A guardianship, also known as a conservatorship, is the legal right used if a person is no longer able to make or to communicate safe decisions about his or her person or property, and if this has caused them to become susceptible to undue influence and fraud. This process may remove many rights handicap permit from a person and should therefore only be given consideration once alternatives have become unavailable or if these alternatives have proven to be ineffective.
The instances when a guardian might have to be appointed may include circumstances where a person has a mental or physical handicap which prevents him or her from taking care of their own basic needs. It is also necessary if the handicap puts the person in danger of harm. The appointment may also be a necessity in cases where the person does not have anyone who is legally responsible for them.
The procedure to appoint a guardian will vary from jurisdiction to jurisdiction. The normal procedure would be that the person seeking appointment of a guardian will file a petition with the court in the area where the incapacitated person lives. The petition will generally be accompanied by sworn statements or medical affidavits showing the person’s incapacity.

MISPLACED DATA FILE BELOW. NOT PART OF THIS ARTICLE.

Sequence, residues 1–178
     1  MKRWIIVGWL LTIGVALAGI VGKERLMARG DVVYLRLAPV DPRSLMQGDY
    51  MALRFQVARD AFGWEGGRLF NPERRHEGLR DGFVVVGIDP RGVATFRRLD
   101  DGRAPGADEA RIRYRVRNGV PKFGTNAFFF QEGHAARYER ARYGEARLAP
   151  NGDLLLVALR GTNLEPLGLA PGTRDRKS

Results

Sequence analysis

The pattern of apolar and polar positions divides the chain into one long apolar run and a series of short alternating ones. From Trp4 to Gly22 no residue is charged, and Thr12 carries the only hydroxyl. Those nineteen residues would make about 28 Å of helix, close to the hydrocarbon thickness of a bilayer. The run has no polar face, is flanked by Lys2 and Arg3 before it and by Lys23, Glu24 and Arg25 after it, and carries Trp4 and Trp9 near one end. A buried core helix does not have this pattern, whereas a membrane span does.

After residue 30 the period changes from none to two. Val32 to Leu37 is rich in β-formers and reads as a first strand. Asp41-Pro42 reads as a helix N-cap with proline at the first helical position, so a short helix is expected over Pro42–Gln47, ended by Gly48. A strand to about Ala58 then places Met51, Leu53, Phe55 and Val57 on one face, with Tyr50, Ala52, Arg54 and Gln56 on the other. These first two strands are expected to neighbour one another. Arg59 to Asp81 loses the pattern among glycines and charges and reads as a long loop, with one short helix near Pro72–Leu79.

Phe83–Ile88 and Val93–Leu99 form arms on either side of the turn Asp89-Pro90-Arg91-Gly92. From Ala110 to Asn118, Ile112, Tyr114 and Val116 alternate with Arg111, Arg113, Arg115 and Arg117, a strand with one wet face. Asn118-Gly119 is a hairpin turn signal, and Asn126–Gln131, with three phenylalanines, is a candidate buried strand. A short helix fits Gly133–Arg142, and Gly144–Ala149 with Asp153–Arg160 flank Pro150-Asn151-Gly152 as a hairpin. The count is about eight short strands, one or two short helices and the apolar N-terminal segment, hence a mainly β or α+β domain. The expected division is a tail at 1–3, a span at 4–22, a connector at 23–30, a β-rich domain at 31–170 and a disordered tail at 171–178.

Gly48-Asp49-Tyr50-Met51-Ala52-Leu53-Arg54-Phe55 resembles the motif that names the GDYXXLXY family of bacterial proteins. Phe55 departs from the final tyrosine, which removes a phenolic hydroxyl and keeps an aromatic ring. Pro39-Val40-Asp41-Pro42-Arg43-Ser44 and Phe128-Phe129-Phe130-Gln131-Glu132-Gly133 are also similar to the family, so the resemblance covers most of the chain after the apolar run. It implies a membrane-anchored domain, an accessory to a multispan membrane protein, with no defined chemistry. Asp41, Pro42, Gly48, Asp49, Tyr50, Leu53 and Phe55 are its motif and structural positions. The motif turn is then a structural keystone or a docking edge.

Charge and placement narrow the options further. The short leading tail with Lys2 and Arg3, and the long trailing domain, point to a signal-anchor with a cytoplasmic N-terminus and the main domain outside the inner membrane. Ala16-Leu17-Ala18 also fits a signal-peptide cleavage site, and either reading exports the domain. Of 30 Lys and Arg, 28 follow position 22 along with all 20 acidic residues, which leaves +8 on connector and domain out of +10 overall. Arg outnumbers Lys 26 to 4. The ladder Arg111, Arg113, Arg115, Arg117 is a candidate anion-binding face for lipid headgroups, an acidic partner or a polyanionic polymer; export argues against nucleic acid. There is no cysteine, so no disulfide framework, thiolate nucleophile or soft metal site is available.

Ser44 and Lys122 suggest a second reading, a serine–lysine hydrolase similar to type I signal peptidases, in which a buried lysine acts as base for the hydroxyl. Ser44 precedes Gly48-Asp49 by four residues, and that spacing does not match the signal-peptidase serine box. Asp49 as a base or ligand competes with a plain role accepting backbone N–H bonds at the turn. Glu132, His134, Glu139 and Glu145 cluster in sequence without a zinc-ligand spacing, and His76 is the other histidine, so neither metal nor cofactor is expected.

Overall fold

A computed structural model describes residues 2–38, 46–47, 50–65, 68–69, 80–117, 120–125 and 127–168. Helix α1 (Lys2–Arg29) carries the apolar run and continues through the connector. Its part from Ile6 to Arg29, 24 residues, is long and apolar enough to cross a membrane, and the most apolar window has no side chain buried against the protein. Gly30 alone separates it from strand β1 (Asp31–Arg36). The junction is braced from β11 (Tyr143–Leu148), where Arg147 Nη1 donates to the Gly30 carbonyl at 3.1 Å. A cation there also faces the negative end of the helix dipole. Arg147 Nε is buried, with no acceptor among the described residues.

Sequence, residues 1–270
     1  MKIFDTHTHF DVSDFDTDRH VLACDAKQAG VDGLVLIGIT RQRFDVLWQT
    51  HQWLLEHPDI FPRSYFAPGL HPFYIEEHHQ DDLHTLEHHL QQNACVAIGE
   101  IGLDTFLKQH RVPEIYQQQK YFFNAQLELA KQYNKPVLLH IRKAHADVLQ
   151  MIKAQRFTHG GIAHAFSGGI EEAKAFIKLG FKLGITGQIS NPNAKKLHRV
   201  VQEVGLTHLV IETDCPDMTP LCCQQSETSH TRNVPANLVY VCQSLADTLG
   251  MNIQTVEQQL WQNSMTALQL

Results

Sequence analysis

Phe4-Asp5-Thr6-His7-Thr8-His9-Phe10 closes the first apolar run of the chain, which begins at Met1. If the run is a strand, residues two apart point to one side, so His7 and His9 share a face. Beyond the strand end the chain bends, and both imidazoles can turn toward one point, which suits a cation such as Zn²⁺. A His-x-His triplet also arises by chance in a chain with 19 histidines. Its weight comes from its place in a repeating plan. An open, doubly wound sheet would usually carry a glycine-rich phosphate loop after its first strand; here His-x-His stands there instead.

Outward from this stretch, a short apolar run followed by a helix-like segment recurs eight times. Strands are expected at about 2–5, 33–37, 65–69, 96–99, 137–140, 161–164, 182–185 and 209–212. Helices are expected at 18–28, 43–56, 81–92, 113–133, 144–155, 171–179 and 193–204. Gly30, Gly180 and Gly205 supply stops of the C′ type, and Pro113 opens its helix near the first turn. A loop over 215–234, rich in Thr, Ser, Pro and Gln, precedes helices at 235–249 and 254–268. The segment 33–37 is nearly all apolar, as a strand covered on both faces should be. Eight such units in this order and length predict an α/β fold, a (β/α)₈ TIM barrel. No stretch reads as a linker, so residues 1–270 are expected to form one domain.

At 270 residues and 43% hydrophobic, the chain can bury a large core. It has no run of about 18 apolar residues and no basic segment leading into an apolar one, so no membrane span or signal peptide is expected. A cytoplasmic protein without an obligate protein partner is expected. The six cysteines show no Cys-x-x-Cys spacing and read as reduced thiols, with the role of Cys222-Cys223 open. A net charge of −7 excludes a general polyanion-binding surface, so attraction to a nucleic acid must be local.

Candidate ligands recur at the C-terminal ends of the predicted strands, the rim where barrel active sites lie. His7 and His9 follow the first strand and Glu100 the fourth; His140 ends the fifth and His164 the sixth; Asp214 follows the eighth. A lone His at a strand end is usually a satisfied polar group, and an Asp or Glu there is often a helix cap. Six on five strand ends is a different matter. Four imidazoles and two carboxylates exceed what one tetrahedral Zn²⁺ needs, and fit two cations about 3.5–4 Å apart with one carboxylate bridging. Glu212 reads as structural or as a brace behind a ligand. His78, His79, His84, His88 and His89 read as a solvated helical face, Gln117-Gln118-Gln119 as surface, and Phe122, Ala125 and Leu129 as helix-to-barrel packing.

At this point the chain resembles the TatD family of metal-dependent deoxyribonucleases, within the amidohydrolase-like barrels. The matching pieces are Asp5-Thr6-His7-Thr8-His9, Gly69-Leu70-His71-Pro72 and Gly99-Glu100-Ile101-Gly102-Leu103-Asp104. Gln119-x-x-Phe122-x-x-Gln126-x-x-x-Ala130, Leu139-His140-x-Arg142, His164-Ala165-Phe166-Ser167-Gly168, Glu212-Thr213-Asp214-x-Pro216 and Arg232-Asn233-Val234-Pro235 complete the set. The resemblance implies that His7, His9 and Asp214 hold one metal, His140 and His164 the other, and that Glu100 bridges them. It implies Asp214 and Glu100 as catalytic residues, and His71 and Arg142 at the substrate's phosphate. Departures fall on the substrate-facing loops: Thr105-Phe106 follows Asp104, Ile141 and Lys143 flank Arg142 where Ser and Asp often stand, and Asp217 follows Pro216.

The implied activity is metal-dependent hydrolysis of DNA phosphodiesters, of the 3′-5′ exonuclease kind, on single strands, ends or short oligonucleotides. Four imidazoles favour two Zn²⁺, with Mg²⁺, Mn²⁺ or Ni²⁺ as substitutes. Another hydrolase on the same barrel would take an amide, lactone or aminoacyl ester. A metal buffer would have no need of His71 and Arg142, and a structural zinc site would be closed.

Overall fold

It will also name the person who wishes to be appointed as a guardian or it will request the court to appoint a public one. The court will arrange for an evaluation of the incapacitated person to be done. If the court agrees to the appointment, letters of authority will be issued which will permit that person to act on behalf of their ward.
A guardian’s duties are to make decisions regarding the person’s way of life including their health care, residence, meals and social activity. The wishes of the person must be taken into account. The living conditions to which they are accustomed must also be considered.
It is possible for this appointment to be terminated. This will normally happen if the person recovers from the condition that initially necessitated guardianship. It can also occur upon the death of the incapacitated person. If the guardian is inefficient at the task, the court may terminate the appointment, or in the case where the guardian resigns, the court will appoint a successor guardian to take over.